In 2022, in an attempt to address the growing public corruption scandals, the House created a Commission to Improve Standards of Conduct, commonly referred to as “The Foley Commission.” Public hearings were held, and specific recommendations made to institute reforms to increase transparency, regulate and ensure ethical conduct, and to punish those who did not.

Unfortunately, despite overwhelming public support for these measures, the more substantive and meaningful bills, like campaign finance reform and term limits, were killed off by the Legislature while less impactful reform recommendations were enacted.

But at least our state government tried. That’s something we can build upon during next year’s legislative session and in the years to come.

Yet, 10 years after the theft of the mailbox, the prosecution of the Kealohas, and the Foley Commission’s report recognizing that corruption in Hawaii is systemic, our politicians continue to hold onto the belief that these corruption cases simply reflect nothing more than the actions of a “few bad apples.” Thus, real and long-lasting reform has been successfully stonewalled.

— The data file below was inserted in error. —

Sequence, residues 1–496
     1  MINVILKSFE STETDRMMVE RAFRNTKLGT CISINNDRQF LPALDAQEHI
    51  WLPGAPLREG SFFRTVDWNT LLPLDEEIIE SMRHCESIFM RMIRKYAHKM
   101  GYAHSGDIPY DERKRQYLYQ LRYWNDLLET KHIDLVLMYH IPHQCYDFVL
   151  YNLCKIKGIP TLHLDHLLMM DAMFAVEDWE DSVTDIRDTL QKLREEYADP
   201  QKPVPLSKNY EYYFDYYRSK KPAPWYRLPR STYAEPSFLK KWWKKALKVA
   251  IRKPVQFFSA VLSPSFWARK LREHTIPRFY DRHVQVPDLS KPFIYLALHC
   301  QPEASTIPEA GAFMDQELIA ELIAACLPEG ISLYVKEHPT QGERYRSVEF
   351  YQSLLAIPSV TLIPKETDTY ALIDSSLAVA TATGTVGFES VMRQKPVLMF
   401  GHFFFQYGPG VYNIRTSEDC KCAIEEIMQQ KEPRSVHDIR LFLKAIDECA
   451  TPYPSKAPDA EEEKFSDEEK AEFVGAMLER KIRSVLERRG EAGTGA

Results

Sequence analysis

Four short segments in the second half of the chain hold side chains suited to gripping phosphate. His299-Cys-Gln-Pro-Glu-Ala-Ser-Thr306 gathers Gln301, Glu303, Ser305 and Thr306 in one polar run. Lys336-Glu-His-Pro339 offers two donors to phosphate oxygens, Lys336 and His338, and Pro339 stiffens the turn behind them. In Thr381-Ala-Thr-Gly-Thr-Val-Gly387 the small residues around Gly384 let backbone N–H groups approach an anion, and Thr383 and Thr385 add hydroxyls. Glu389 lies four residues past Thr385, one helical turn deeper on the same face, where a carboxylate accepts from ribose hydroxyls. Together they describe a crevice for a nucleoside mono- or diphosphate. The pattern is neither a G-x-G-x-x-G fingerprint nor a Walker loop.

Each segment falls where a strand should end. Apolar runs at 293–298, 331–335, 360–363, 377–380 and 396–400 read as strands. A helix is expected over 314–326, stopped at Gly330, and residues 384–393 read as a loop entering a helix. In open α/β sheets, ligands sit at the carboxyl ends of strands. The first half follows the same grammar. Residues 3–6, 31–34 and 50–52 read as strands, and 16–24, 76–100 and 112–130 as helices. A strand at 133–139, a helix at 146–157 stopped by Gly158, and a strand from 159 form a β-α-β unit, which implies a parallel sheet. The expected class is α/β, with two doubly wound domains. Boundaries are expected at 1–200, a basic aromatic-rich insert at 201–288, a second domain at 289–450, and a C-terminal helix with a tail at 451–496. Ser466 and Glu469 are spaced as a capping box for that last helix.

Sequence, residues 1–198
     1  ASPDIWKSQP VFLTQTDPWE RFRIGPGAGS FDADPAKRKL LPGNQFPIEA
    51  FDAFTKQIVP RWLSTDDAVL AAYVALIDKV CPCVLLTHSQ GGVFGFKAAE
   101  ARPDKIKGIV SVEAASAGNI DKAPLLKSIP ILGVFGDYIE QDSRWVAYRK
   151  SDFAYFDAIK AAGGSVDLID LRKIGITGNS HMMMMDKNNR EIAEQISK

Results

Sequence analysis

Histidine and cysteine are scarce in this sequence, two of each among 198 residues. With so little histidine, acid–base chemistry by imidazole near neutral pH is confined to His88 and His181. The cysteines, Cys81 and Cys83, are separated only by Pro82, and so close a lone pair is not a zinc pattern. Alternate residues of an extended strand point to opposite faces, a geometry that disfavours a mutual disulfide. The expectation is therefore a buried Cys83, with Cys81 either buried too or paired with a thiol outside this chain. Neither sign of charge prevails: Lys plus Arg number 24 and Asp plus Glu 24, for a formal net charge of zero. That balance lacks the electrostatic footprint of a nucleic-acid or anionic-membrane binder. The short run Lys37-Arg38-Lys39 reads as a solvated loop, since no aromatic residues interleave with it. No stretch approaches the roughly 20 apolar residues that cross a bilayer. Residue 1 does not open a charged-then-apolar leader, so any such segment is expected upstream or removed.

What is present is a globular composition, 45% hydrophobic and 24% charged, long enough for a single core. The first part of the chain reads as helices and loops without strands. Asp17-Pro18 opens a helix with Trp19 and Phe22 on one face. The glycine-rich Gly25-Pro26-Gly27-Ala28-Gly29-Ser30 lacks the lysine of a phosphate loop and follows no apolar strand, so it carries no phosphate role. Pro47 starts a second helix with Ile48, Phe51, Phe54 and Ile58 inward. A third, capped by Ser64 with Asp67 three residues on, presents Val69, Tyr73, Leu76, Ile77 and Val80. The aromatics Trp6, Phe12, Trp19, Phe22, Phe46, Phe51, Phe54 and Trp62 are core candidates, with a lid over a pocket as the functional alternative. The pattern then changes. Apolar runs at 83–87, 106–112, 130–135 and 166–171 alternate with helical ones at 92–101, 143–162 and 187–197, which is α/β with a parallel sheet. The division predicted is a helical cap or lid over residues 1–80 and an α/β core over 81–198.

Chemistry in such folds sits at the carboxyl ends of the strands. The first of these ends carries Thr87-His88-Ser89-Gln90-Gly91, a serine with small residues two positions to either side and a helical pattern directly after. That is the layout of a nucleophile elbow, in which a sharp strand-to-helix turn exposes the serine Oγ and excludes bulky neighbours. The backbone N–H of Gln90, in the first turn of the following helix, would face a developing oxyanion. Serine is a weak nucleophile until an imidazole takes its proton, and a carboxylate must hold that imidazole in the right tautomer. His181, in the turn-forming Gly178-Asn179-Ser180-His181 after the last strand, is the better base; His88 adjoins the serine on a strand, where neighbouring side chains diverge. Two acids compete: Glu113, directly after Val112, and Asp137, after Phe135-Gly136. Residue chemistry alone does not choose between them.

This is not good for Hawaii. This is not good for democracy. This is not good for justice.

But things can change for the better. It requires perseverance. It requires persistence. It requires continued public pressure on our politicians. It requires the press to be vigilant in its reporting on how our politicians vote and behave. And most importantly, it requires the public to take notice, participate, and demonstrate they care about the direction our government is headed.

Armed with hope and determination, we can use the infamous “mailbox case” as a springboard for positive reform. That will be good for Hawaii, good for democracy, and good for justice.